Why should we care about measuring Human Capital ROI?

It’s been a long time since the people function was referred to as “Personnel.” Today Human Resources professionals everywhere are using more sophisticated programs and techniques, and large companies are slowly beginning to adopt “big data” approaches to understanding HR efficiencies and to enhance decision-making related to HR investments.

Appropriately, the head of HR is focused on developing the talent at all levels of the organization and that requires a focus on skills – both soft and hard. The C-Suite, most often led by the CFO, will be the ones to evaluate return on HR rewards and program costs to understand drivers of financial performance. 

The next big step is to prove out the relationship between discrete HR programs, practices, and people efficiencies to positive corporate financial outcomes.  Ultimately, this rigor will indisputably quantify the value of Human Capital for the organization and prove the economic value-creating impact of specific investments in Human Capital. Think about this as similar to evaluating the ROI of launching a new product, buying a building, or investing in a new company – except here, we focus specifically on people costs. By understanding which discrete areas of HR are strongly correlated with corporate financial performance, we can better focus our efforts and attention on those value-creating activities.  Some of my clients have told me this is like putting the company through an MRI machine and seeing from the inside what works and what doesn’t.  

Here are some compelling reasons to measure HC ROI:

  1. The typical company today invests between 50% and 60% of gross profit in people and people programs – it’s a big expense and we should know if we’re getting a “bang for our buck” from our people – in other words, is there a positive or negative return on our investment in people? 
  2. In an environment where labor is scarce, we will probably have to spend more for this scarce resource than before – we should anticipate that this expense will increase and it is even more important now than before to understand how what we’re spending on people is advancing our desired financial outcomes.  
  3. By quantifying the value of Human Capital, we can begin to monitor, over time, its performance and how it correlates to other financial outcomes – and demonstrate the economic value-creating impact of Human Capital.
  4. By monitoring selected Human Capital metrics, we can begin to listen for signals that the organization is sending. For example:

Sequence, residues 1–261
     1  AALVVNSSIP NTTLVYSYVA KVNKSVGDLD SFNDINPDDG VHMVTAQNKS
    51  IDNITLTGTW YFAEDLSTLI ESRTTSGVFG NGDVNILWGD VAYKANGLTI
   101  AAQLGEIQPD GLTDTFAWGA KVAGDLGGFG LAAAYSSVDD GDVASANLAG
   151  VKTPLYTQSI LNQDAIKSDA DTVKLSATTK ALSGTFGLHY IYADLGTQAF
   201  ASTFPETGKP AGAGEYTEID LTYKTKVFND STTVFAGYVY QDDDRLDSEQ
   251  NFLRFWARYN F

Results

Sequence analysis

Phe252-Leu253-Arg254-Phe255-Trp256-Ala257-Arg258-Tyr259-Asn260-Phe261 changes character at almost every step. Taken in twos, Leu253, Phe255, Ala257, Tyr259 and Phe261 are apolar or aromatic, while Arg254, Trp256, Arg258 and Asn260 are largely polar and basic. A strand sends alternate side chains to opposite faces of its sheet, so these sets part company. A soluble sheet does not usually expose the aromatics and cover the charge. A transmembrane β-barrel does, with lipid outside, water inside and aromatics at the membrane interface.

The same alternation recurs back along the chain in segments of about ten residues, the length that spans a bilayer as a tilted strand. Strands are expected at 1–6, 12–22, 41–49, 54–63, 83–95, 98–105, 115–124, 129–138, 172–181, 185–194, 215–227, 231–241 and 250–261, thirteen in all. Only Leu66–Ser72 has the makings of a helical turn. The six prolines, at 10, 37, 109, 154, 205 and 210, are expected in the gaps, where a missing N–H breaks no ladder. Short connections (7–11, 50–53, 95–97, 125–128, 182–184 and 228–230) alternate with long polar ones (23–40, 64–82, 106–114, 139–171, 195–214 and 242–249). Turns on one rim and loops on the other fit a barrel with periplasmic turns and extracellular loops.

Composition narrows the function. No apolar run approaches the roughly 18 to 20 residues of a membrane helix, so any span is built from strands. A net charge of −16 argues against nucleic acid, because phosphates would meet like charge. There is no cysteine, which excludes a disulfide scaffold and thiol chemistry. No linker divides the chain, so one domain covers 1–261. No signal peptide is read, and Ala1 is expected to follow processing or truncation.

•  Is attrition higher in one division or department or under one manager? 
    •  Is this a signal of something that we need to pay attention to? 
    • Is diversity lower in one division or department, or under one manager than the average for the organization?
    • Is mobility lower in one division than another and lower than the competitor benchmark? 

All these indicators provide information for further investigation that could have a positive impact on the company – from a risk management / mitigation perspective and from an EBITDA optimization perspective by managing the costs/expenses associated with Human Capital programs.


IMAGE CREDIT: Ivelinr | Dreamstime.com

Dr. Solange Charas is a senior-level human resources expert with 30+ years of experience as a consultant, practice leader, top corporate executive, and board director across all industry sectors.   She was the Chief Human Resources officer at Havas Worldwide, Benfield and Praetorian Financial Services Group and held senior-level positions at Ernst & Young and Arthur Andersen.  She serves of the boards of 2 public companies, a non-profit organization and a higher-education institution.  She is the Founder and CEO of HCMoneyball – a SaaS company founded to provide support for enhanced decision making about spend on people in any organization.

Solange earned a PhD in Management from Case Western Reserve University’s Weatherhead School of Management, an MBA in Accounting and Finance from Cornell University’s Johnson Graduate School of Management, and a BA in International Economics from the University of California, Berkeley. She has authored numerous articles, including “The Art and Science of Valuing People” in HR Director, “6 Ways to Coach Your Company’s Teams to Be Champions” in Entrepreneur Magazine and “Why Men Have More Help Getting to the C-Suite” in Harvard Business Review.

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